When they live apart from the unsavory bug they mimic, viceroy butterflies develop their own foul flavor, according to new research. The findings are making biologists rethink old theories about animal mimicry. The viceroy butterfly is a mimic that models its orange-and-black colors after the queen butterfly, a bug that tastes so disgusting predators have learned not to eat it or anything that lo

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Sequential infiltration synthesis (SIS) significantly improves EUV patterning

his week, at the SPIE Advanced Lithography conference 2019, imec, a world-leading research and innovation hub in nanoelectronics and digital technologies, demonstrates the positive impact of sequential infiltration synthesis (SIS) on the EUVL (extreme ultra-violet lithography) patterning process. This post-lithography technique is shown to significantly reduce stochastic nano-failures and line rou

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How a Green New Deal could exploit developing countries

The Green New Deal has changed the conversation among progressive Democrats about how to deal with climate change, from simply managing a disaster to how to take advantage of an existential threat to build a more just society.

3h

Stop the BS – when you hear a negative statistic about black students, question it

Evidence suggests white teachers are more negative with – and have lower expectations for – black students.

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How electric cars could make America's crumbling roads even worse

U.S. roads and bridges are in abysmal shape – and that was before the recent winter storms made things even worse.

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Lack of diversity in cell lines prevents minorities from accessing 'precision medicine'

As the biomedical field races to develop therapies based on an individual's genetic makeup, a City of Hope scientist and his colleagues found that some commercial cell lines used for countless laboratory studies have mislabeled ancestry when it comes to minorities. So, it will take longer for underrepresented populations to reap the benefits of 'precision medicine,' an emerging approach to disease

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Keeping active in middle age may be tied to lower risk of dementia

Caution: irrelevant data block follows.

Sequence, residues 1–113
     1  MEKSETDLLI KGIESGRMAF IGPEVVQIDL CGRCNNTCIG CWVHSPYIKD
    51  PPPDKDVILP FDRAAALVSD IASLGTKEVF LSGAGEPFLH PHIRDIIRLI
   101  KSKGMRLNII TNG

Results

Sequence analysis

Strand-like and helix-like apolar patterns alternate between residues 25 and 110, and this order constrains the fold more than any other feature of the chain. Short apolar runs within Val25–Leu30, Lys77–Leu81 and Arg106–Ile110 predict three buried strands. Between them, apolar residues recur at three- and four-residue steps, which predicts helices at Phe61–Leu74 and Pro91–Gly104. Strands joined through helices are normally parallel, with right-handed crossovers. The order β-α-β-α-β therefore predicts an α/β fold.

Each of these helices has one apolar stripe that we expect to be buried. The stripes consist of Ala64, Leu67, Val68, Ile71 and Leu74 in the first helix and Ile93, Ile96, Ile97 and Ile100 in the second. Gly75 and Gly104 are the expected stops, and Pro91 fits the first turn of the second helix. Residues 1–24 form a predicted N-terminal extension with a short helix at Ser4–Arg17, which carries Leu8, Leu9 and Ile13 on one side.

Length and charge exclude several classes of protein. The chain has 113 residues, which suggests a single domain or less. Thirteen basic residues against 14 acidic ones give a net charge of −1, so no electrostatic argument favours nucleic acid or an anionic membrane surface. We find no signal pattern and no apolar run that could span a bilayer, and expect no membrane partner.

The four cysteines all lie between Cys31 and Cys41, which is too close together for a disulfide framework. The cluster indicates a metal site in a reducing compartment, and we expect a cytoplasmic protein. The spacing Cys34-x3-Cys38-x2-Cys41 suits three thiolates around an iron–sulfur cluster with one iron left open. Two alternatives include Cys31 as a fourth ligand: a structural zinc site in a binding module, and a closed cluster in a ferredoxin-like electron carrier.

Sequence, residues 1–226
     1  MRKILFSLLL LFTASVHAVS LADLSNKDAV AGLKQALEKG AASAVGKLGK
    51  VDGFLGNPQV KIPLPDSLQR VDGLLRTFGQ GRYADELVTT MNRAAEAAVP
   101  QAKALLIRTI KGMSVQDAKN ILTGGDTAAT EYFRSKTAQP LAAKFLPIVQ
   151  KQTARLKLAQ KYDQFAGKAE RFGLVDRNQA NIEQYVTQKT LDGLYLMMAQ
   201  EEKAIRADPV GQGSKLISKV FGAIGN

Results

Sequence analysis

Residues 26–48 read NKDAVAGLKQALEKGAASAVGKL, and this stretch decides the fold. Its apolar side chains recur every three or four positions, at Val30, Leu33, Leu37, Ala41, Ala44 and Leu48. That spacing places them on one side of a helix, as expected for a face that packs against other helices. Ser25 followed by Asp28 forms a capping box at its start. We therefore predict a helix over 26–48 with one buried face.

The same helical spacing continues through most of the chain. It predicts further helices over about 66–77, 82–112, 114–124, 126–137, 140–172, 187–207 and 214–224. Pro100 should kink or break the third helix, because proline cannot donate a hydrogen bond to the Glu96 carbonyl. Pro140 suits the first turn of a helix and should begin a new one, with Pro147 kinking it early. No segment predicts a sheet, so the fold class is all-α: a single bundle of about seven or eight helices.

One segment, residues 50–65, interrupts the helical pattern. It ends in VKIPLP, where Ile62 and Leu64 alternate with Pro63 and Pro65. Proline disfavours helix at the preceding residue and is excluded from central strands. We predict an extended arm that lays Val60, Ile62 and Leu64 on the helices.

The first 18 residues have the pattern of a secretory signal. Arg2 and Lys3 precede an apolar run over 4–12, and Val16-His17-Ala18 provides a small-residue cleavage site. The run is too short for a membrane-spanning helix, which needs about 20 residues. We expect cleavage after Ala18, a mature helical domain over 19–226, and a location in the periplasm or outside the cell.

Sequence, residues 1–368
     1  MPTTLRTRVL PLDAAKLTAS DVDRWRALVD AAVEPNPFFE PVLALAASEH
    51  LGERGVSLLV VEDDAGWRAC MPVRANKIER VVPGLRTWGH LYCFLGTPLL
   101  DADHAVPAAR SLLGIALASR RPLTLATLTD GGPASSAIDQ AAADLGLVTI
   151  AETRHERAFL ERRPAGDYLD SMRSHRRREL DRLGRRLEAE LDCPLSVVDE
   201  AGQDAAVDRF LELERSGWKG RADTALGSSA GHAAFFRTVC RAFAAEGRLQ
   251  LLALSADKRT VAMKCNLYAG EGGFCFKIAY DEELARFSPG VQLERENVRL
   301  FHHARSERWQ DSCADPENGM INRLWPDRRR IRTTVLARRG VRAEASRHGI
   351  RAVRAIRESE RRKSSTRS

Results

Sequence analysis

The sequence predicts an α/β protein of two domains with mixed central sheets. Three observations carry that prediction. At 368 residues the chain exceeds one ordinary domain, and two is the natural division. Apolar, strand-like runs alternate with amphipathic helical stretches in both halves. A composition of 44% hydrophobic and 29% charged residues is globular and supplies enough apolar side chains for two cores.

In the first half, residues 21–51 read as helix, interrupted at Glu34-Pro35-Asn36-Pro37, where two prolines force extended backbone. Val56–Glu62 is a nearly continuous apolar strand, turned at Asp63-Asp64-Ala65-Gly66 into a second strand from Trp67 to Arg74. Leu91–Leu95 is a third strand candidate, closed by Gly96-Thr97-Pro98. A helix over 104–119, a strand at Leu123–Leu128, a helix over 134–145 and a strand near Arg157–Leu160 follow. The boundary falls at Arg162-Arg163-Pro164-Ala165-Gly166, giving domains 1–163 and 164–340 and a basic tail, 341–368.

Keeping physically and mentally active in middle age may be tied to a lower risk of developing dementia decades later, according to a study published in the medical journal Neurology. Mental activities included reading, playing instruments, singing in a choir, visiting concerts, gardening, doing needlework or attending religious services.

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Finnish researchers discover a new form of hereditary osteoporosis

Researchers at the University of Helsinki, Helsinki University Hospital (HUS) and Folkhälsan have identified a new gene whose variants cause hereditary childhood-onset osteoporosis. The gene defect was first found in two Finnish families.

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Nanoparticle computing takes a giant step forward

Inspired by how cellular membranes process biological information, we developed a platform for constructing nanoparticle circuits on a supported lipid bilayer. In our 'lipid nanotablet' platform, a supported lipid bilayer is used as a chemical circuit board to carry out molecular computation with a network of nanoparticles. This nano-bio computing translates molecular information in solution (inpu

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UCI, UCR scientists eavesdrop on DNA synthesizer to steal genetic blueprint

Researchers from the University of California, Irvine and the University of California, Riverside have uncovered the possibility of an acoustic side-channel attack on the DNA synthesis process, a vulnerability that could present a serious risk to biotechnology and pharmaceutical companies and academic research institutions.

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Topological defects could be key to future nano-electronics

An article published this week in the leading journal Nature Materials by FLEET/UNSW Prof Jan Seidel outlines emerging research into different types of 'defective' order, i.e. topological structures in materials, and their potential highly interesting applications in nanotechnology and nanoelectronics. Seidel was invited by the journal editor to review current and future research on domain walls a

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A study on Bonelli's eagles urges a reduction in human-wildlife conflict

A study carried out by the University of Alicante (UA) by Vertebrate Zoology Research Group and the University of Valencia (UV) Cavanilles Institute on Bonelli's eagles warns of the serious impact that recreational activities in natural parks have on this endangered species, and urges governments to take actions to reduce human pressure on wildlife. The study has been published in journal Biologic

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Spring migration is now earlier in European and North American birds